Abuse of welfare system needs to be tackled, says Senator
SEANAD REPORT:THERE WAS a need to debate the introduction of a cap on multiple welfare payments going into some homes that had other sources of income, Tony Mulcahy (FG) said. People who were able to work the system could benefit to the detriment of other, more deserving households.
In his locality, four children from a particular grouping had been ferried to a First Communion ceremony in three Hummers and a glass carriage. There was nobody working in that house. Every one of them was on welfare.
“I think we need to have the courage to discuss these types of issues here. The volume of money spent on State support has gone beyond a joke and is giving the two fingers to people in normal society.” There should not be the kind of “showboating” that he had described, which he was sure was to be seen in every town in the country and which was being indulged in by a grouping that claimed to be an ethnic one.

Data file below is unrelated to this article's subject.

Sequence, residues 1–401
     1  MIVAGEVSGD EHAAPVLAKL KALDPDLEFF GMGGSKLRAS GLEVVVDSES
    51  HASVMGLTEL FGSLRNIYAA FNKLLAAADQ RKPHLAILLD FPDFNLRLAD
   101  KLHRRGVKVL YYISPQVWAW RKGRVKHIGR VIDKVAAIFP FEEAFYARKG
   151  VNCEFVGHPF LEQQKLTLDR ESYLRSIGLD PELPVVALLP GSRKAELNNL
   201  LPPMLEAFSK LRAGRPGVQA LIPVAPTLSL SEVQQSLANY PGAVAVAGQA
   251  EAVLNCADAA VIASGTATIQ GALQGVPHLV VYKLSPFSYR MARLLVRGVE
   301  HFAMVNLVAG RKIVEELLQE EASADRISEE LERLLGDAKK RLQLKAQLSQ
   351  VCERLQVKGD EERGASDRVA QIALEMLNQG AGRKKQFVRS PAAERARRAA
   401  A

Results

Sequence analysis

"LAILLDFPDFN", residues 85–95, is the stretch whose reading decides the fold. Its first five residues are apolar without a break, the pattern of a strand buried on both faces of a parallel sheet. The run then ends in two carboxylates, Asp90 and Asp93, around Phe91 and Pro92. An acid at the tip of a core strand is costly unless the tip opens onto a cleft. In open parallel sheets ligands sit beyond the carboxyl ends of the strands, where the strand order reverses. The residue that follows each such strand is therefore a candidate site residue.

A Labour member queried why TDs’ salaries were €27,000 more than those of Senators, even though they did the same work. John Gilroy said there had been an increasing tendency by members of the Dáil, particularly Government backbenchers, to express opinions about the future of the Seanad. Mostly they called for its abolition.
In the absence of an explanation, he was left to conclude that such calls might well be based on the assumption that money would be saved by abolition. “There might well be good reasons to abolish this House, but saving money is not one of them.”
Another way of making comparable savings might be to take a look at politicians’ salaries. “It often puzzles me as to why different rates of pay apply to different types of parliamentarians, even though we sit more or less the same number of hours, serve on the same committees and pass the same legislation.”
TDs calling for abolition of the Seanad might reflect first on reform of their own House. “When they have done so, they can come back to us and we will talk to them then.”
Susan O’Keeffe (Lab) said she could not envisage a future minister behaving in a manner “that was not kosher” in relation to the designation of entities that could conduct legally binding marriage ceremonies.
She was responding to concerns voiced by Paschal Mooney (FF) that proposed amendments to the Civil Registration (Amendment) Bill would enable a minister of the day to designate bodies that would be regarded as marriage solemnisers.